|Feb-25-07|| ||SirBruce: It's from "The Incomparable Game of Chess" originally published, according to J.S. Bingham's translation, in 1769. Chapter 5 has a section where he discusses his opinion of previous writers of the game: Damiano, Ruy Lopez, Greco, etc.|
|Feb-26-07|| ||dw98: Damiano analyzed a poor opening and rightfully condemned it, but it was named after him anyway - See Ruy Lopez vs Leonardo di Bona, Rome. I read that Senior Lopez gave advice such as to place the board such that the light shines in your opponents eyes. Anyway, I think the opening named after him is quintessential chess.|
|Feb-26-07|| ||SirBruce: Yes, and the Greco Defence is not one that seems to have ever been played by Greco, but rather illustrative of his opponents' tendancies of bringing the Queen out too early.|
|Feb-26-07|| ||SirBruce: Anyway, your point may have been that Del Rio's first sentence referred simply to the openings Ruy Lopez wrote about, and that may be so, but the second sentence seems to clearly refer to the man himself.|
|Sep-13-07|| ||greenrook: Does anyone know how "Ruy" should be pronounced?
I have heard people speak it as Roy/Rye/Roo-ee but have never been sure.
|Sep-19-07|| ||An Englishman: Good Evening: <greenrook>, I have bad news for you. I was taught a fourth pronunciation which is the hardest of them all--for lack of a better idea, I'll spell it "Rwooee," and pronounced with only one syllable. If that's possible.|
|Sep-19-07|| ||elLocoEvans: It's quite easy, it goes something like "Rooeeh Lohpeth deh Segoorah" , one syllable as said above, a short name.|
|Oct-22-08|| ||vikinx: walalallalla I'm getting my tounge twisted up!|
|Dec-10-08|| ||Fusilli: <<elLocoEvans> it goes something like "Rooeeh Lohpeth deh Segoorah"> Correct if you want the Spanish-Spanish pronunciation. Most Spanish speakers in the world (who aren't Spanish, just like most English speakers are not English) would not pronounce the last letter in Lopez as "th" (the Spanish sound) but simply as "s". When it comes to Ruy Lopez, I believe the most common pronunciation mistake is the wrong stress on the "pez" part of "Lopez". Stress should be put on the "Lo" part. In fact, "Lopez" is actually spelled "López", and that's what the "acento" is indicating: stress on "Lo", not on "pez".|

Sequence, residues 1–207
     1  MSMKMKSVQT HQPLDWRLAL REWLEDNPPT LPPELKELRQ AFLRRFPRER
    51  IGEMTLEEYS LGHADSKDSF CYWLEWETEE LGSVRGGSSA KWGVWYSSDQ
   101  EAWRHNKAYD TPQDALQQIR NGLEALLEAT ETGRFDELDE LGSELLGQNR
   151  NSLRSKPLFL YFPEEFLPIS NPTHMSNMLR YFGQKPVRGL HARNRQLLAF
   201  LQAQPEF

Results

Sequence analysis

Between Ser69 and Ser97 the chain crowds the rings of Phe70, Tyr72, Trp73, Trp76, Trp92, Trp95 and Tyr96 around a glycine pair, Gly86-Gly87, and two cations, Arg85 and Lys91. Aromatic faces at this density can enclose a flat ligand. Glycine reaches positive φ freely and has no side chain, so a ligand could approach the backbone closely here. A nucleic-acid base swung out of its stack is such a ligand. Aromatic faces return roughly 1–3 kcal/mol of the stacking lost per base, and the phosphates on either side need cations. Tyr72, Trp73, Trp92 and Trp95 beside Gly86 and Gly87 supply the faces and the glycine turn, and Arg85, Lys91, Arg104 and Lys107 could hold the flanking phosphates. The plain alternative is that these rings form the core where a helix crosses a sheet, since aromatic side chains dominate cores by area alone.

|Apr-10-09|| ||Dredge Rivers: They should name an opening after him!|
|Oct-30-09|| ||Petrosianic: <ruylopez900> <Ruy Lopez analyzed the opening (aka the Spanish) an gave it a positive grade. Do you really think it would be named after him if he had scorned it and laughed at it?>|
Yeah, it just might. That's pretty much how Damiano's name got onto Damiano's Defense.
|Jul-14-10|| ||technical draw: I heard that Ruy Lopez had an encyclopedic knowledge of the openings. Of course there was only one opening then.|
|Dec-15-13|| ||EGarrett: Best thing is that he was literally a Bishop.|
|Dec-30-14|| ||john barleycorn: Ruy Lopez never played the Ruy Lopez according to this database. In fact, he used it as an example for bad play. Steinitz followed him in that assessment.|